I have an optimization problem. I need to
minimize || A(x-y) || while maximizing ||x-y||, where
||.|| is a norm, x,y are vectors with integer non-negative entries
and A is a (at that point fixed) matrix with float/double entries .
x is also fixed, so I am looking for vectors y “far from x” that are
mapped
closely to where x is mapped under the linear mapping induced by the
matrix A.

How can I declare a matrix with float or double precision entries in
Gecoder to formulate the problem ?

How can I declare a matrix with float or double precision entries in Gecoder to formulate the problem ?
First off, your optimization problem seems to make little sense to me
the way you specified it. For y = x, the first norm is 0 and thus
minimal. If A is non-singular, that is the only value for y for which
that norm is minimal. If A is singular, the optimization problem is
unbound and thus there is no maximum for ||x-y|| for a fixed value of
||A(x-y)||. Maybe you should quantify what ‘mapped closely’ means,
like ||A(x-y)|| <= 1.

But I don’t think Gecode/R can handle floats, or at least not for the
unknowns. It seems to be a finite domain solver. If you only care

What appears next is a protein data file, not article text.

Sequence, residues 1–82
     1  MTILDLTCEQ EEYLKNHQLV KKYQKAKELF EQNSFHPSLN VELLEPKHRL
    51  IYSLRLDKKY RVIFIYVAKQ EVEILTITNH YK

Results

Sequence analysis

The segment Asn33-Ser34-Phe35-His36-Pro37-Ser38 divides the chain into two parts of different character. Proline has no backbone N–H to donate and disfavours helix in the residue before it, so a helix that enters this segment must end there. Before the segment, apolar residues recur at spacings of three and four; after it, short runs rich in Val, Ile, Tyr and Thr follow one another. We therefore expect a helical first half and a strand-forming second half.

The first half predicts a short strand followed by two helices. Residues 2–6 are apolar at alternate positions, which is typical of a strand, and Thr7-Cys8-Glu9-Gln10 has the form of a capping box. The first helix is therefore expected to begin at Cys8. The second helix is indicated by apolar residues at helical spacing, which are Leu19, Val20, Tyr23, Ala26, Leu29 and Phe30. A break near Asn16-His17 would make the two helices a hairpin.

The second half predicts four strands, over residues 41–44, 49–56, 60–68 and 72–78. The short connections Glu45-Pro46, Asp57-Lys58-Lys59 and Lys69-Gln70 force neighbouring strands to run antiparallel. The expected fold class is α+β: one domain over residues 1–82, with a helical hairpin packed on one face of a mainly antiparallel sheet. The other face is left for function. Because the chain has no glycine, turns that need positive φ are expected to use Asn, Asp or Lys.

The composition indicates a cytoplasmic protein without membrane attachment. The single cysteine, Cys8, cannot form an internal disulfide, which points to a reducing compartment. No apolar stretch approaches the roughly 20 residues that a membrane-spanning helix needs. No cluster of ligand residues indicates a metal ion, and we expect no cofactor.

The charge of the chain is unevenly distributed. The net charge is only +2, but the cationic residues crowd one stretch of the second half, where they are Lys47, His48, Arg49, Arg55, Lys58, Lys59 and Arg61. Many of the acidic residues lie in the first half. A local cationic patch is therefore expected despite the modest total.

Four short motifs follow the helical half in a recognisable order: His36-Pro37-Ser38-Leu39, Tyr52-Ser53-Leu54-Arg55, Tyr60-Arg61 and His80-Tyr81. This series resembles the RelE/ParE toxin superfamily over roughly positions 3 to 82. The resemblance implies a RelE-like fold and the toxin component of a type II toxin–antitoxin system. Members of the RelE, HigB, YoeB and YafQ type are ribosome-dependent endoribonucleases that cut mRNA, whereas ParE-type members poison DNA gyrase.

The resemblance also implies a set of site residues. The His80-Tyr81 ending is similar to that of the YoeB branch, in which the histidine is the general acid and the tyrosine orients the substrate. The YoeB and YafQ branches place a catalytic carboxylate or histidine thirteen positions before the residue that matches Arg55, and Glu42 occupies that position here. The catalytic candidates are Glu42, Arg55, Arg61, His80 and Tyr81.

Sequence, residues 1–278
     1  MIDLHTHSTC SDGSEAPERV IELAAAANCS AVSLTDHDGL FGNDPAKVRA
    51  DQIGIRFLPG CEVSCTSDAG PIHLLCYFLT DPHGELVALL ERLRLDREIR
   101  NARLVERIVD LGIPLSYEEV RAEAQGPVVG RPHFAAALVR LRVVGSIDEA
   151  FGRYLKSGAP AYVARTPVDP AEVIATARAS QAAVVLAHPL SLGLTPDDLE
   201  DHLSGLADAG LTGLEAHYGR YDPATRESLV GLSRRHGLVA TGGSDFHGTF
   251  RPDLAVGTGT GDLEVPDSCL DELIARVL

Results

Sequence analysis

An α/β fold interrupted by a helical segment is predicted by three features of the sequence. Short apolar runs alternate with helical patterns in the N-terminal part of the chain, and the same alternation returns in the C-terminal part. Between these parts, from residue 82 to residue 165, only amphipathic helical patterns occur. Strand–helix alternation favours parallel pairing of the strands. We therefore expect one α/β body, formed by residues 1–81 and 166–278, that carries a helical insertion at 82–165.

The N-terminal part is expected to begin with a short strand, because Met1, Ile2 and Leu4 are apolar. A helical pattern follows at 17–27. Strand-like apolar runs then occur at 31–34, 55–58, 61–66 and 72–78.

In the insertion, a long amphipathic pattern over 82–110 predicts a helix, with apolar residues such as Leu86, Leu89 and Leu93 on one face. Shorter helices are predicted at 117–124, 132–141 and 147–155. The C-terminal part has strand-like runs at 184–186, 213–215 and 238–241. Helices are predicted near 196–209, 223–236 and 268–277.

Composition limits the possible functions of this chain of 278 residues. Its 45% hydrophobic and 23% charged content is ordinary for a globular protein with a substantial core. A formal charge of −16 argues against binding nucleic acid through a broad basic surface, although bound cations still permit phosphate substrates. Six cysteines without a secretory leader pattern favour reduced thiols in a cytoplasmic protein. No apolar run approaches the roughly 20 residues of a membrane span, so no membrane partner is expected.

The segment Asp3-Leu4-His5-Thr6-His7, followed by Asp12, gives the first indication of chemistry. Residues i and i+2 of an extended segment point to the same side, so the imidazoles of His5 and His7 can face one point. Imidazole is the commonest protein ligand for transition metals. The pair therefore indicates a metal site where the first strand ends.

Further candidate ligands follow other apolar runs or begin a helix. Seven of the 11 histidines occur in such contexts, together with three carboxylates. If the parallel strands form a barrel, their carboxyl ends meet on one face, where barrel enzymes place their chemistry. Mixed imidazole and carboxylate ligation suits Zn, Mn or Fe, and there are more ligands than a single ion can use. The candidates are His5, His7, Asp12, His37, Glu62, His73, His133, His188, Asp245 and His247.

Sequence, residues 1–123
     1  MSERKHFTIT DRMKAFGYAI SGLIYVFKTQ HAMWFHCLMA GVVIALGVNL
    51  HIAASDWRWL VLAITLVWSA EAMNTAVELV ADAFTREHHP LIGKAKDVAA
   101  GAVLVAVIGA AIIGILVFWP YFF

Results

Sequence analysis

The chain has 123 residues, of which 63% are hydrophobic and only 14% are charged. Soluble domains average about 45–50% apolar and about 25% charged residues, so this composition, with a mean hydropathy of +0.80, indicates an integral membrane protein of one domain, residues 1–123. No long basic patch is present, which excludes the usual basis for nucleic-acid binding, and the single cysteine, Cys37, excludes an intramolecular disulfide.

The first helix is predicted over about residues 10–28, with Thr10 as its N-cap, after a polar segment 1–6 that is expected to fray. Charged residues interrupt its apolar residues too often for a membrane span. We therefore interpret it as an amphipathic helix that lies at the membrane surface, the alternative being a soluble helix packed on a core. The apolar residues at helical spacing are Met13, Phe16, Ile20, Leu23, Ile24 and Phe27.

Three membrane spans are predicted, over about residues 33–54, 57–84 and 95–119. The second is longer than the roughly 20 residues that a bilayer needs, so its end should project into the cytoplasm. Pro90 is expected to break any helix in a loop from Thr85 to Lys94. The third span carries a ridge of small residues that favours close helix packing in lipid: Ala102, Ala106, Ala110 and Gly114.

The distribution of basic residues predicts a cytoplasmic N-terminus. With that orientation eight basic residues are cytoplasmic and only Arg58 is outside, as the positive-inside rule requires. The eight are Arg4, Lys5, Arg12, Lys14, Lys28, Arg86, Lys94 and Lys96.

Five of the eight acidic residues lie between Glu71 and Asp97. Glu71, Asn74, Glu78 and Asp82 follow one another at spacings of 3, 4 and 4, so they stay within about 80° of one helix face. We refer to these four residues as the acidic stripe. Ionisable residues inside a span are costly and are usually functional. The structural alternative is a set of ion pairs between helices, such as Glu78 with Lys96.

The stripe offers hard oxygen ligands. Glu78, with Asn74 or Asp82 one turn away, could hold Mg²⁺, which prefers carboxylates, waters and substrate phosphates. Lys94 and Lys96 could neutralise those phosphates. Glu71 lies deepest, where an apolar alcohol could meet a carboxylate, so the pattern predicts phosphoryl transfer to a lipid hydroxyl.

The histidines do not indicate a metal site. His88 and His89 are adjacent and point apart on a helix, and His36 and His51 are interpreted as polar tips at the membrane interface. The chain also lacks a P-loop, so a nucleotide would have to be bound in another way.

about say 3 digits after the comma, you could scale all values up by
1000 and round to integers. My gut feeling is that this can easily
give results that are way off, and not only for ill-conditioned
problems. I’m no expert on Gecode/R, though, so could be that it does
support floats.

But your problem seems numerical in nature. I’m inclined to solve it
by using the singular value decomposition to find the (or a) direction
in which A scales the least. Using vector d to denote this direction,
you can pick y = x + a * d, and that should give you the largest value
for ||x-y|| for the specific value of ||A(x-y)||. Both norms above can
be expressed as linear functions of a which is the only variable left,
and you can easily pick the a you want. If A is singular, the smallest
singular value will be 0 and you can pick a as large as you want and
|| A(x-y) || will still be 0. Of course, I’m assuming here that “a
norm” means Euclidian norm.

I have an optimization problem. I need to
minimize || A(x-y) || while maximizing ||x-y||, where